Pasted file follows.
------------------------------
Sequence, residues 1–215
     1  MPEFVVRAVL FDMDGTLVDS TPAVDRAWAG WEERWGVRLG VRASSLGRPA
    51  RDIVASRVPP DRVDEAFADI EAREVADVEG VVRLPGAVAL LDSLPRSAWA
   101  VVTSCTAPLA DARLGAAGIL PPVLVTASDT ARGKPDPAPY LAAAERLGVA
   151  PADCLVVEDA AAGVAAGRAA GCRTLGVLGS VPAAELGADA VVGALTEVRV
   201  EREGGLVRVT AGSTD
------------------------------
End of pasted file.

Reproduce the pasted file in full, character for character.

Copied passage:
Sequence, residues 1–215
     1  MPEFVVRAVL FDMDGTLVDS TPAVDRAWAG WEERWGVRLG VRASSLGRPA
    51  RDIVASRVPP DRVDEAFADI EAREVADVEG VVRLPGAVAL LDSLPRSAWA
   101  VVTSCTAPLA DARLGAAGIL PPVLVTASDT ARGKPDPAPY LAAAERLGVA
   151  PADCLVVEDA AAGVAAGRAA GCRTLGVLGS VPAAELGADA VVGALTEVRV
   201  EREGGLVRVT AGSTD